WHICH KINDS OF RESTAURANTS ARE MOST DANGEROUS FOR E-COLI CONTAMINATION?

Q – We will be doing a driving trip from coast to coast later this summer. We’re in our mid-sixties, relatively well-traveled, but we’ve not done a driving vacation in the United States. Our biggest concern is all those meals we will have in strange places and we want to stay healthy. How would you suggest we prepare, research, etc? You could say we are E-coli super-conscious. Which restaurants in these small towns and cities are likely to have kitchens that won’t kill us.

A – There actually is some research in this area. The first thing to point out is that there is not any medical research to back up the fact that urban dwellers with sophisticated palates live longer than their rural cousins. But you could make a case for obesity and less access to the best medical care influences rural lifespan statistics in some major ways.

As far as E-Coli strains, and there are many, we must point out that fast food chains tend to have the healthiest kitchens. Most of their food arrives frozen and there is very little food handling. This is what we want to emphasize to you in the hope that the information is widely disseminated. The best known fast food chains have expensive equipment that sets off alarms or shuts down when the cooking process is shortened. Undercooked meat and poultry is the major cause of gastrointestinal viruses and food poisoning in travelers. It is virtually impossible to find anything undercooked under the golden arches.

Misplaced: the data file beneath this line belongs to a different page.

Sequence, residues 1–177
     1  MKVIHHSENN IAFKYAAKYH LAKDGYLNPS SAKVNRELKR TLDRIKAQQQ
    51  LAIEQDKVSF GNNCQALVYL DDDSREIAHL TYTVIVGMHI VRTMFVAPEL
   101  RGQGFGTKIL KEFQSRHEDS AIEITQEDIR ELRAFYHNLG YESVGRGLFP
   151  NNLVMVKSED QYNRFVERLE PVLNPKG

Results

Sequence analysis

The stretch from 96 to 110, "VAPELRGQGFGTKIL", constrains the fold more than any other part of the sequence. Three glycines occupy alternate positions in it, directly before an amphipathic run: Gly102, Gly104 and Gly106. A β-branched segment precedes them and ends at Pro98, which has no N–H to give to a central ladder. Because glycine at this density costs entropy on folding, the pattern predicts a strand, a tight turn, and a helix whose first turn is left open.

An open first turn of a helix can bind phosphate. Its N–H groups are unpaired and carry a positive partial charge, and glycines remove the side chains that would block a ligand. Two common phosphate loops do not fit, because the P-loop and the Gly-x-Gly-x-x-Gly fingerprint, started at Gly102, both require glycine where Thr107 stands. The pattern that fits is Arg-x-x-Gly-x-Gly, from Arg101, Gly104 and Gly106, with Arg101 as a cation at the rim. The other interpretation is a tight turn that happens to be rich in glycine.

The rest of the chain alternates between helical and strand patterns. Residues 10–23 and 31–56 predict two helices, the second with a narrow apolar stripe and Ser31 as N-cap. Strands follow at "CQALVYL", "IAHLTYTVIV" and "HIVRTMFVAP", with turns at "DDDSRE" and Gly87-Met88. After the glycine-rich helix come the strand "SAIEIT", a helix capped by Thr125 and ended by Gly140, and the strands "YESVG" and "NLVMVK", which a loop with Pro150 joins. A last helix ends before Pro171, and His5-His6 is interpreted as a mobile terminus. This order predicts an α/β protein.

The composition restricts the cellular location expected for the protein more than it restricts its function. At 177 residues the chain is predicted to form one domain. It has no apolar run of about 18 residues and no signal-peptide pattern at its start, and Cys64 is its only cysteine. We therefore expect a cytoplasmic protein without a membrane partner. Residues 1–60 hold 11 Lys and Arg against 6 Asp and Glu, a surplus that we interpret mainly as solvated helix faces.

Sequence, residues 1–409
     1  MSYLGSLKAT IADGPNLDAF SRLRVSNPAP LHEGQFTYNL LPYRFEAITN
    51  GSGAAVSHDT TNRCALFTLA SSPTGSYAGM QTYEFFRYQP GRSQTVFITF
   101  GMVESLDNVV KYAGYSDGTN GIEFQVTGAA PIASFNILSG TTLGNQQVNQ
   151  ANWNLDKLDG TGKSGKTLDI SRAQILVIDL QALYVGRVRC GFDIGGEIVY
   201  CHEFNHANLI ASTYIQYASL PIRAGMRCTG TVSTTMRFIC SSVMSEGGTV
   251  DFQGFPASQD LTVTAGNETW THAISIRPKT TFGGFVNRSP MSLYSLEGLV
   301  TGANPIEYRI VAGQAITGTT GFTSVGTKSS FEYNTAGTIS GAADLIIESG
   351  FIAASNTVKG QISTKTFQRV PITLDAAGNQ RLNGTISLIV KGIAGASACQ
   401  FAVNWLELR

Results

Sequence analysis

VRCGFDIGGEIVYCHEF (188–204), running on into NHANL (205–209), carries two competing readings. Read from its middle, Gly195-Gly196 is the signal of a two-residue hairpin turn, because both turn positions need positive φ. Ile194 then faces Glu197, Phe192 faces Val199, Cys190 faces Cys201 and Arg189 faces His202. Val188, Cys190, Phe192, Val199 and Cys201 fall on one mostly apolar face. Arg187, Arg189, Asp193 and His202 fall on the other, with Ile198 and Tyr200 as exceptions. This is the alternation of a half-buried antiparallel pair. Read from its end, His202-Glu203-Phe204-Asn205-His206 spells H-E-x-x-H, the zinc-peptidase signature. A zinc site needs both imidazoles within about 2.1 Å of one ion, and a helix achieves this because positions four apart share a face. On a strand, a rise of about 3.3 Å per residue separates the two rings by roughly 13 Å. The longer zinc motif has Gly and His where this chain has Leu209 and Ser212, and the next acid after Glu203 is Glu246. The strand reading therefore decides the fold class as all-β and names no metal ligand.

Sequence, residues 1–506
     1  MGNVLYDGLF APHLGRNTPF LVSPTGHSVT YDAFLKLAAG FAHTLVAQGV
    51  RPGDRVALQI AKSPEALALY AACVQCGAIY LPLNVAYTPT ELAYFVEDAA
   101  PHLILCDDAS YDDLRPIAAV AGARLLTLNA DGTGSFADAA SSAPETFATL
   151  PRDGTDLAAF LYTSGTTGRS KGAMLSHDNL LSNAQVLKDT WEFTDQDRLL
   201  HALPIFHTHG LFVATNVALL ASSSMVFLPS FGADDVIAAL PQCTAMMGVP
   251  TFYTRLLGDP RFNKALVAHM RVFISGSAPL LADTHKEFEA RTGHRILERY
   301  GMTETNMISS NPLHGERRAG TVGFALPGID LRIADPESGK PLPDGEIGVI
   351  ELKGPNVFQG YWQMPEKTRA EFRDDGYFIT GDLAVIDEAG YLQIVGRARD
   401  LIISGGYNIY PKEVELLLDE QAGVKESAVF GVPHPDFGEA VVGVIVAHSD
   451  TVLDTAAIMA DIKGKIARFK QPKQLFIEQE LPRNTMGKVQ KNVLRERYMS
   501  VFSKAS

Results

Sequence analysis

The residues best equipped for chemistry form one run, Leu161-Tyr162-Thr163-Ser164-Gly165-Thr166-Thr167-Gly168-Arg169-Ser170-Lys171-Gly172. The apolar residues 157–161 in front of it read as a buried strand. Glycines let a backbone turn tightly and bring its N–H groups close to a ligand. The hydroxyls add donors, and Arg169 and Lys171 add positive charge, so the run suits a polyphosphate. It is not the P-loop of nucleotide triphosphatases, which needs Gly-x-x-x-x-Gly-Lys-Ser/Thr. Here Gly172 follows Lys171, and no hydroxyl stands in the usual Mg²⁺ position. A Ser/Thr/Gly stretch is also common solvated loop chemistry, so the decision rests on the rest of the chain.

White tablecloth restaurants with a strong local following will usually have a chef who has studied health and hygiene at a recognized culinary school. They take careful steps, though not as careful as the Burger Kings, KFC’s, and Taco Bells of the world.

Your biggest risk is eating at local diners and lower-priced local dining outlets that employ  staff that has not been trained in proper food preparation.

The last huge beef recall occurred in April of this year. It involved 1.8 million pounds of beef sold in ten states including Florida, Illinois, Michigan, Pennsylvania, and Ohio. But as the laws now read, the FDA did not have to reveal to consumers exactly what kind of restaurant was getting shipments from Detroit’s Wolverine Packing company. The Department of Agriculture’s Food Safety and Inspection Service does not have to advise consumers that the meat, in this case used in Angus Steak burgers as well as ground beef patties, was shipped to specific restaurants. As you were driving around the country, trying to choose a place to stop for lunch, you would have no way of knowing where you could safely stop for something to eat.

Finally, we advise our clients and our readers to exercise caution when ordering salads on the road. All but the highest category of restaurants depends on bagged salads that have, in the recent past, shown a higher-than-normal propensity to carry food-borne parasites and bacteria.